Kestrels Nesting at Hauser Preserve

Weantinoge is extremely lucky to count Art Gingert among its volunteers. Art has installed four nesting boxes on Weantinoge preserves. In July 2019, kestrels nested in the Hauser Preserve nesting box for the first time! Kestrels nest in cavities but lack the ability to excavate their own. They rely on old woodpecker holes, tree hollows, and rock crevices, but they will readily take to nesting boxes if they are properly situated. Male kestrels will identify several options to show the female and the female kestrel will make the final choice.

The American Kestrel (Falco sparverius) is North America’s smallest falcon and a beautiful dynamic bird. You can spot kestrels along the edges of open fields, where they hunt for their prey of insects and small animals. Kestrel populations have declined because of land clearing that removes the dead trees they favor for nesting, vanishing meadow habitat, and increased pesticide use that kills their prey. If current trends continue, the kestrel population could decrease by 50% by 2075. What will help kestrels thrive into the future? Protecting land from development, maintaining open meadow habitat for them to hunt, and thoughtfully placed nesting boxes to replace dead trees lost to clearing or windstorms.

The first indicated that kestrels had nested was on June 23, when Art visited and found a clutch of five eggs. Kestrels incubate their eggs for 26 to 32 days. After hatching, the nestlings will spend 28 to 31 days in the nest. When we returned in mid-July, only two of the eggs had hatched, the nestlings were both females and Art banded both. Banding nestlings is a way to help study the populations of birds. Art identified several clues that suggest these were young kestrels, perhaps even first-time parents.

  • It is not uncommon for younger adults to raise only two, or three nestlings, after starting quite late too. Perhaps it takes them longer to find unclaimed nesting sites.
  • The nestlings were young for mid-July, these parents got off to a late start.
  • They also had to evict other birds before nesting. They nested atop a trampled starling nest, and there were also six abandoned, undeveloped Eastern bluebird eggs in a small nest cup in a corner of the box.

Last July’s successful nesting of kestrels at Hauser means that we have had successful fledging of young kestrels from each of the four Weantinoge nesting boxes. Art says, “The only frustrating thing is that kestrels are still declining and threatened, and we are not likely to have them in residence each year even at high-quality habitat sites like Whippoorwill Farm and the Blass pasture.” We’re hoping that they return this summer.  At Hauser, hikers can use binoculars to watch the nesting box from the walking path along the north side of the meadow. Click here to learn more about this preserve.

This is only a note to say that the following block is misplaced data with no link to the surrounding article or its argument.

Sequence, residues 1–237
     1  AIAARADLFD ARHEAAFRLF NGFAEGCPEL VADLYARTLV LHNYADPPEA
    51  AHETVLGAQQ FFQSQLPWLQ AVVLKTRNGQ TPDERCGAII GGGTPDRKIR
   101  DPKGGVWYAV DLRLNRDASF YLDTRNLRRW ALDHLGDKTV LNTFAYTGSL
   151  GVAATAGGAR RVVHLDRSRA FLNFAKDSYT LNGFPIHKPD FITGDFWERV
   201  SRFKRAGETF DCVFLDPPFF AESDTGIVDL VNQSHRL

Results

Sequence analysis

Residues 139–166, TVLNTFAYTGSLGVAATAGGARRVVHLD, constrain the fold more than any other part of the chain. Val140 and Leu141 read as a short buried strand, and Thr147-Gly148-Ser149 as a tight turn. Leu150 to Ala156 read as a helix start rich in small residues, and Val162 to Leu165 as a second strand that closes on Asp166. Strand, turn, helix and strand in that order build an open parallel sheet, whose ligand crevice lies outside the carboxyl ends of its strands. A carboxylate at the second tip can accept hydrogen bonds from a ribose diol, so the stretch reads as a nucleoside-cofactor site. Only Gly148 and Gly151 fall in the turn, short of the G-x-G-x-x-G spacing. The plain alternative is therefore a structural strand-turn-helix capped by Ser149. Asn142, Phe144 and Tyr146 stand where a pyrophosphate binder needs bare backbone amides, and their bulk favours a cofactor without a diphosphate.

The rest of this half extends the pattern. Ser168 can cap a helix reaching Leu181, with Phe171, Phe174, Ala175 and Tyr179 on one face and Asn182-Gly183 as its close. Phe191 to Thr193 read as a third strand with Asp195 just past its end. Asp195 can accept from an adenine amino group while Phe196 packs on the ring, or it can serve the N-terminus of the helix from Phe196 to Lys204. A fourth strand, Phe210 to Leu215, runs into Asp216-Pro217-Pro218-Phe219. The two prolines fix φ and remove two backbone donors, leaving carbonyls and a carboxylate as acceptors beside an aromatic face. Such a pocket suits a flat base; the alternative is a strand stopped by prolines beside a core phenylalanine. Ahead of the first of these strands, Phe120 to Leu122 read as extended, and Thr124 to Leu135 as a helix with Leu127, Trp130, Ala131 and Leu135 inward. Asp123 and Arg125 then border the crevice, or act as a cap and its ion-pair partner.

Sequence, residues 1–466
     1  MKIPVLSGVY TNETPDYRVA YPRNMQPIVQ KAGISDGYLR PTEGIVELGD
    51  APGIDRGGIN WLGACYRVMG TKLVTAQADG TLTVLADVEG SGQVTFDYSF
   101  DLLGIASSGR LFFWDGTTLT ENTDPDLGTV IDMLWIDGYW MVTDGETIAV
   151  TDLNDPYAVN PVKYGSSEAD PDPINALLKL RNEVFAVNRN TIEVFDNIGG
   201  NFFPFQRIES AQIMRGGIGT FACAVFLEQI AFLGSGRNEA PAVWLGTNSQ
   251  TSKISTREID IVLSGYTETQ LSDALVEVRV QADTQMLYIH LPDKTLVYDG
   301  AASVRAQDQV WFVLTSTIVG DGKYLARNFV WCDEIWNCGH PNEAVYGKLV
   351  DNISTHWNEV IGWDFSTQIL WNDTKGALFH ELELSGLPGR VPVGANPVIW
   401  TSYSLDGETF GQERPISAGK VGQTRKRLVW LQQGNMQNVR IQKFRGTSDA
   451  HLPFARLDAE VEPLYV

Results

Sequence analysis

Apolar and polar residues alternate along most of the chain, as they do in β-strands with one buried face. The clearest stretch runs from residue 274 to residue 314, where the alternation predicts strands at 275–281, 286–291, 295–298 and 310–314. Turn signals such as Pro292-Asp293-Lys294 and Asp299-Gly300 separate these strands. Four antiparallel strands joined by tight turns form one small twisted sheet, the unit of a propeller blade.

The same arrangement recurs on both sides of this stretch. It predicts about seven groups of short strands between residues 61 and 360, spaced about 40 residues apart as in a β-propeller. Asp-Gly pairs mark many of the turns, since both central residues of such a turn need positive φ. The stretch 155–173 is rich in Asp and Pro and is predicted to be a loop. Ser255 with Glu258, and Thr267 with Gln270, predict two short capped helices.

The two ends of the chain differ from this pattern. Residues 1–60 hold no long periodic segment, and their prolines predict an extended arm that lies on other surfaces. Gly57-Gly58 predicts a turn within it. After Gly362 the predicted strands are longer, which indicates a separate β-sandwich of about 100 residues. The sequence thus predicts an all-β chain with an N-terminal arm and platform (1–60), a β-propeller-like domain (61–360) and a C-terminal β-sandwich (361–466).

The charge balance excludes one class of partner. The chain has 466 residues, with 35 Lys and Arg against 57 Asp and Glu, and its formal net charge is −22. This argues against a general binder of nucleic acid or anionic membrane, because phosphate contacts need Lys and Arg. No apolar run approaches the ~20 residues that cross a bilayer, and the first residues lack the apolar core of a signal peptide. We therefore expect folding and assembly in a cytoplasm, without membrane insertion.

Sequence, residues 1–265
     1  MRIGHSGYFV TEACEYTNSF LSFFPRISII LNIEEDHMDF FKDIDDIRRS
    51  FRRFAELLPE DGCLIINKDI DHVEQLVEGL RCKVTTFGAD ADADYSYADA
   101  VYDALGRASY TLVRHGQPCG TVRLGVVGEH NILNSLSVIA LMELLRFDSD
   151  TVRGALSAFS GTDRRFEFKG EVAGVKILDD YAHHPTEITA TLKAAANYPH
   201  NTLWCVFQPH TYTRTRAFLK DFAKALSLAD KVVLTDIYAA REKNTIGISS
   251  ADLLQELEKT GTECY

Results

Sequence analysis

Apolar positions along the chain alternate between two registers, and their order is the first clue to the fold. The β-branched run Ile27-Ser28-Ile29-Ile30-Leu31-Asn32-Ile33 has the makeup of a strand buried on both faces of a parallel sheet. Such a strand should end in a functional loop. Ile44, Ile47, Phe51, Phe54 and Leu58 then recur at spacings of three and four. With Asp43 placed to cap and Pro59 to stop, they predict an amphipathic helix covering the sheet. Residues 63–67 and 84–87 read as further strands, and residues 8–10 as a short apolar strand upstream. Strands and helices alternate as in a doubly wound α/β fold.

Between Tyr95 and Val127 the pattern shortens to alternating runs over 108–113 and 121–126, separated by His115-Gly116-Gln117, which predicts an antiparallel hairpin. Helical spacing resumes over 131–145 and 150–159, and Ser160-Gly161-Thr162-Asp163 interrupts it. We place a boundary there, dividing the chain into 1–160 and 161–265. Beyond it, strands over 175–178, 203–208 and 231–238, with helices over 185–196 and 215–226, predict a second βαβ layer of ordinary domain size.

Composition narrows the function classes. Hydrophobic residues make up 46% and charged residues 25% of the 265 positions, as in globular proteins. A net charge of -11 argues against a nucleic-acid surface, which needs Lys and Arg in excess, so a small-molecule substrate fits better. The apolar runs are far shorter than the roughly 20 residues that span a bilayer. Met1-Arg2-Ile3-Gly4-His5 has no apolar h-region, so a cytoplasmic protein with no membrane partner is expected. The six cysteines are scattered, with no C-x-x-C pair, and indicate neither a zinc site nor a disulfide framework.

Background on Bird Banding

The U.S. Fish & Wildlife Service administers the nationwide bird banding program, headquartered at the Patuxent Wildlife Research Center in Maryland. It’s a program that dates to the 1920s.  All banders apply for a permit and are required to submit their reports of banded birds annually. Placing numbered aluminum bands on the legs birds has provided fascinating, and important, information about the age, distance traveled, and site fidelity of birds over many decades. In fact, J.J. Audubon placed tiny silver wires on the legs of eastern phoebes at his small farm in eastern PA and watched to see whether any of the birds returned to nest in the same area (they did). Art has been banding birds since 1974 when he was a wildlife sanctuary manager and biologist for the Miles Wildlife Sanctuary, now the Sharon Audubon Center. In 2019, Art banded 149 kestrel nestlings in 26 Connecticut towns!

The U.S. Fish & Wildlife Service administers the nationwide bird banding program, and if you find a banded bird (dead or alive) you can report the band number online, and receive an official document telling you what species of bird, where it was banded, by who, how old the bird was.